DUE DILIGENCE/THE TOOL FOR TRANSPARENCY

By Mary Whetstine 

Do you know what you don’t know when investing in or purchasing a business or Intellectual Property (IP)?  Few of us have walked the path of life when we have not made some type of investment or purchase in which we “assumed” we knew what we were getting, only to be sorely disappointed? Perhaps assuming because the higher price of the product or entity we were getting exceptional quality, or of the evil assumption twin, of “getting a deal” because we were paying “below market value”? John Ruskin, the 19th century English poet and social thinker was attributed to saying: 

There is scarcely anything in the world that some man cannot make a little worse, and sell a little more cheaply. The person who buys on price alone is this man’s lawful prey.” 

The research needing to be done is the due diligence.  When we are making significant investments (in these times what investments are not significant?), the dire need of examining the multiple layers of the deal or the IP product is critical. There are pitfalls of Due Diligence that can become a door or a window.  Does it impede or facilitate the outcome? You and your team need to know what you intend to purchase and why.  The real question becomes, ‘Is what you see, what you get?’   And how about what you don’t see on the surface?  What are the gems and landmines that need to be uncovered?   Is the value and the cost for the venture merited?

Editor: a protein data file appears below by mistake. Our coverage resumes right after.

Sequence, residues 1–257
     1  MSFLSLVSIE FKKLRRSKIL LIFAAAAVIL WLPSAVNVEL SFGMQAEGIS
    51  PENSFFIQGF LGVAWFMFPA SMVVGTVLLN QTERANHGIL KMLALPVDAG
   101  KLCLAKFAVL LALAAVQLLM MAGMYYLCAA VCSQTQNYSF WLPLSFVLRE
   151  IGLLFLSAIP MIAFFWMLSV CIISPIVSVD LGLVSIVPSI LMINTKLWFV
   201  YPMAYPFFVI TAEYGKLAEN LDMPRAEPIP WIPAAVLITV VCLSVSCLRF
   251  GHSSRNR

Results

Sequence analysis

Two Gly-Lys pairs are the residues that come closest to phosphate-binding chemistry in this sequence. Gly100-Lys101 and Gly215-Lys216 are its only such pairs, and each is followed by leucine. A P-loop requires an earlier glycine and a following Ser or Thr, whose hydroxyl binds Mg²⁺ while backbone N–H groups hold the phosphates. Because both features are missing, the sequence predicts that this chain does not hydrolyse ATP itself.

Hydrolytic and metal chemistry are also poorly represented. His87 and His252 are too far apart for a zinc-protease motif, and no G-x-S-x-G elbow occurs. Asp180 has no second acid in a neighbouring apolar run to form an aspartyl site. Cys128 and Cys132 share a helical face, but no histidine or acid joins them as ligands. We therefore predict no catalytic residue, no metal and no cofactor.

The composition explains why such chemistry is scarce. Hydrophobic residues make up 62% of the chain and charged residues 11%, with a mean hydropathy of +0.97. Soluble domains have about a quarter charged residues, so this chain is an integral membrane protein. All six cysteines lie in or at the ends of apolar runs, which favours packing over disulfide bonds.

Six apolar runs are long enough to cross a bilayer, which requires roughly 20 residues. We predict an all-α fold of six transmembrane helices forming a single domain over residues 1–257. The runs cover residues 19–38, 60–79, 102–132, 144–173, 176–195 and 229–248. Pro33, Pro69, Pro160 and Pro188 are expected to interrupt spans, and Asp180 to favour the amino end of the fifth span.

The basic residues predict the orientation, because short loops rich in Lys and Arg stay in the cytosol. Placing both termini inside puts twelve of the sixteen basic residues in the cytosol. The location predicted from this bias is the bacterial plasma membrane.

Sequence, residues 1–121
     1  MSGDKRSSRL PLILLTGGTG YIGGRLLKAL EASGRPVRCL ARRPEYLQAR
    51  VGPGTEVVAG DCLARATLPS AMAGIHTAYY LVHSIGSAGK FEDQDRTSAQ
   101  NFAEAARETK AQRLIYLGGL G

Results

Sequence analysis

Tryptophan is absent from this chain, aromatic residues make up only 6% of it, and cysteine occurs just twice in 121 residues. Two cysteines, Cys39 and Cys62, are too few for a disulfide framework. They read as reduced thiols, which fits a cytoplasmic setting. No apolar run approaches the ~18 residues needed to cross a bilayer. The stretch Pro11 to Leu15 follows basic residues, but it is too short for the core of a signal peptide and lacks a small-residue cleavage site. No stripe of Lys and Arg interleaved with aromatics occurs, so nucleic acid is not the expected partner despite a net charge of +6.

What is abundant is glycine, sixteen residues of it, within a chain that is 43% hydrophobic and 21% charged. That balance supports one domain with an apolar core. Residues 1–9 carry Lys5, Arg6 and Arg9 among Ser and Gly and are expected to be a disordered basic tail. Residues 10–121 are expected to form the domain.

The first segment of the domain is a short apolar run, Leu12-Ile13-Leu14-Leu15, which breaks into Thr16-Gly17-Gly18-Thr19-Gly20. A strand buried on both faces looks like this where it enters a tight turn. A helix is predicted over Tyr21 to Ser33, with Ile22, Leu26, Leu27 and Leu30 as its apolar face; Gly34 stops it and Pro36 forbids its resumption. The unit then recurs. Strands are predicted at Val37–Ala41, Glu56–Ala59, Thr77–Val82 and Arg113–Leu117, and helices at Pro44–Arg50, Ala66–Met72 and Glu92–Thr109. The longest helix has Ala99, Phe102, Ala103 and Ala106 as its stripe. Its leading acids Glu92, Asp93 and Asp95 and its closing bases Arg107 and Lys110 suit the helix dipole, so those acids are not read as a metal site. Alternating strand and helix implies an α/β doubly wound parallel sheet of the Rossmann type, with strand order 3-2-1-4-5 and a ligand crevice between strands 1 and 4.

That is the essence of due diligence.  Value and risk, the balance determines if and how much to invest.  Whether an individual, venture capitalist or investment banker, the questions need to be answered before capital is invested. 

Make the ‘No’ or ‘Go’ decision before too much time or money is spent.  Most deals do not make it beyond this exploratory stage. 

To the reader:  Can you share an experience where solid, Due Diligence has guided you and your team to a great decision, that might otherwise been catastrophic? 

 Over the next few weeks, we will be discussing the components of the audit process.

The next article in this series will be: — Financial Due Diligence 

 By Mary Whetstine, Financial Analyst

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178 Responses to “DUE DILIGENCE/THE TOOL FOR TRANSPARENCY”

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  2. tyler says:

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  3. Raymond says:

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  4. marcus says:

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  5. Mitchell says:

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  14. Alex says:

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  15. rodney says:

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  16. Leo says:

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  17. Charlie says:

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  18. shawn says:

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  19. troy says:

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  20. Gary says:

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  21. Floyd says:

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